Film Review: The Viceroy's House (2017)
Film Director: Gurinder Chadha
Review by Belle McIntyre
The Viceroy’s House is an engaging and attractively packaged history lesson - a sort of survey course concerning the last months of British rule in India. This was a time of horrendous upheaval, virulent politics, passionate emotions, massive violence and tragic outcomes on a huge scale. It will be a refresher course for those familiar with this dramatic period in Anglo-English history and an appealing way to absorb the facts of this incredibly complex time for those who are not. This is not a pretty picture and it reveals some ugly truths about the cynicism and callousness behind politics which is often draped in lofty rhetoric and noble idealism.
The time is 1947 and Lord Mountbatten (Hugh Bonneville) and Lady Edwina (Gillian Anderson) have just arrived in New Delhi to oversee the end of nearly 200 years of British control and the granting of independence to India. Mountbatten is certainly a principled and well-intentioned figure to oversee this transition. He does, however, possess the same qualities of most ruling classes, which allows them to not see the unruly business of partisan self-dealing, infighting, intrigue and seething resentment. Lady Edwina is emphatically not possessed of that quality. She appears to be more of the Eleanor Roosevelt mold and sees the Indians, not as a mass of children, but as individuals with distinctive personalities and attributes. Sadly, the Indians have been ruled by outsiders for so long that they have become accustomed to servitude and efforts to treat them differently often cause more trouble than not, unleashing emotions so long repressed.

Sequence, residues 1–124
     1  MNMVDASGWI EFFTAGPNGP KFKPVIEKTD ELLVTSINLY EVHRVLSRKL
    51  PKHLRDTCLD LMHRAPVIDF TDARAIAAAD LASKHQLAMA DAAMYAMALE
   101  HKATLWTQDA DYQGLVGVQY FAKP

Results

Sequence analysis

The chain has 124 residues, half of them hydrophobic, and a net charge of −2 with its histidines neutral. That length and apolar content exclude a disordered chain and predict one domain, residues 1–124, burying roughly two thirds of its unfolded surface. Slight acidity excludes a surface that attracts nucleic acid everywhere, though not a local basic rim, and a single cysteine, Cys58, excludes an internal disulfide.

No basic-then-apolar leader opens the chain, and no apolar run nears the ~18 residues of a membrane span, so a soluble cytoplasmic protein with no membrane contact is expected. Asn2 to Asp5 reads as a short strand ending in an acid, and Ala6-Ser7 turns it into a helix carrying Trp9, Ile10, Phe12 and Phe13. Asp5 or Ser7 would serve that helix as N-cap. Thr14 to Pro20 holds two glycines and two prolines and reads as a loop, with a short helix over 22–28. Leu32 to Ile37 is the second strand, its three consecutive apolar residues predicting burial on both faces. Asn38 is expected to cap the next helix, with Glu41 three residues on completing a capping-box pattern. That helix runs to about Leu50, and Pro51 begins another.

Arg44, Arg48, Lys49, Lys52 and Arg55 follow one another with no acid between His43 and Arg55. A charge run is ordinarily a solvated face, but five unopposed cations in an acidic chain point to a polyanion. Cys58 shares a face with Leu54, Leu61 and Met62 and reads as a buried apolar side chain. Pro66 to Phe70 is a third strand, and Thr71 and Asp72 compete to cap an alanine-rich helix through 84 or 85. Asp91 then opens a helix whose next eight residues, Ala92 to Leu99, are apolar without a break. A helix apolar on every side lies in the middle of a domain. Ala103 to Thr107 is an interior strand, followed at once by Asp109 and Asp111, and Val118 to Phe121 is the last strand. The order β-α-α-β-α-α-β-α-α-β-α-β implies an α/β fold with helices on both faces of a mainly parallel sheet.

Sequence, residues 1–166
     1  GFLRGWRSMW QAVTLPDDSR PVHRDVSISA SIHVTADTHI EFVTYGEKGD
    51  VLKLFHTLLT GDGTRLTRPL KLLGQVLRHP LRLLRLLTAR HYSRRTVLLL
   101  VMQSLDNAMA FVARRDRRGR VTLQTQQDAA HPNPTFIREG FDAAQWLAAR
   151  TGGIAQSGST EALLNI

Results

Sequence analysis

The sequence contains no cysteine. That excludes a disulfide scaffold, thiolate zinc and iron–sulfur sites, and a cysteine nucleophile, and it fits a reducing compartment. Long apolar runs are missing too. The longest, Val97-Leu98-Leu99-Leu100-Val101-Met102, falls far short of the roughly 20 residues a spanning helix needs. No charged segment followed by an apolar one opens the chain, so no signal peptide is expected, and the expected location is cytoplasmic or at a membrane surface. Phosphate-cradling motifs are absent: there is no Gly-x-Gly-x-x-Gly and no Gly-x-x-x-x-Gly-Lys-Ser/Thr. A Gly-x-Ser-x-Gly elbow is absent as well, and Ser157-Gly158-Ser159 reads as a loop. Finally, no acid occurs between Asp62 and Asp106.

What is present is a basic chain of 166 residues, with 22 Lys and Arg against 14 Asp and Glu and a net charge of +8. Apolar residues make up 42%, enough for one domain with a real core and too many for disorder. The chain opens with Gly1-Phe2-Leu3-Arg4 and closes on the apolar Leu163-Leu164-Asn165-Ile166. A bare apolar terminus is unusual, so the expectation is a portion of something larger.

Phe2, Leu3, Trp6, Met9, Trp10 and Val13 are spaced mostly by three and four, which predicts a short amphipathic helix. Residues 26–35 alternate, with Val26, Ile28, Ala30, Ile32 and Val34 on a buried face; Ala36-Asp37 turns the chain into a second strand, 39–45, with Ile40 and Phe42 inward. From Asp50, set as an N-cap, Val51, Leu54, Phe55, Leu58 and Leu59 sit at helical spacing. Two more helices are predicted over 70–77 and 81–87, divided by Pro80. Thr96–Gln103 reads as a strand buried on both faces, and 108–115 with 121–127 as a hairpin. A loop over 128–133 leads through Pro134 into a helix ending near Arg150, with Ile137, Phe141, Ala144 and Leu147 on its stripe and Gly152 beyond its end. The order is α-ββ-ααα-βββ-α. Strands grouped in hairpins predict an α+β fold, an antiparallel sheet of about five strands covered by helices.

The negotiations between Nehru (Tanveer Ghani), soon to be prime minister of India, Jinnah (Denzil Smith) the future leader of the newly-created Muslim state of Pakistan and Mohandas Gandhi (Neeraj Kabi), the religious representative of the Hindu majority. The debate over partition was deeply and passionately fought on all sides and unfortunately Mountbatten believed he was negotiating in good faith for all parties. The complexities of dividing up a multi-ethnic country along religious lines was both unnatural and untenable. When Mountbatten discovers it was a foregone conclusion planned two years ago, the ruthless geopolitical self-serving logic of Churchill is revealed and he realizes he has been totally used as a puppet to represent an immoral act of terrible consequence.
The ensuing scenes of mass migration and displacement, raging murderous violence which erupted are interspersed by scenes of surreal mundanity as the Viceroy’s household possessions are divided up in the same unnatural manner as the the land has been. There is a simultaneous subplot, a love story between a Muslim translator (Huma Quereshi), the daughter of a blind former freedom and a Hindu valet (Manish Dayal) who works for the viceroy. This gives a more intimate point of view of the larger tragedy going on throughout the country. There is a lot of action and a lot of information and a compelling story beautifully filmed and well-acted with a soundtrack by A.R. Rahman. It is intelligently written and reveals a useful part of history which is surely a cautionary tale and one which we, as humans, seem not to be able to learn from. When will we ever learn?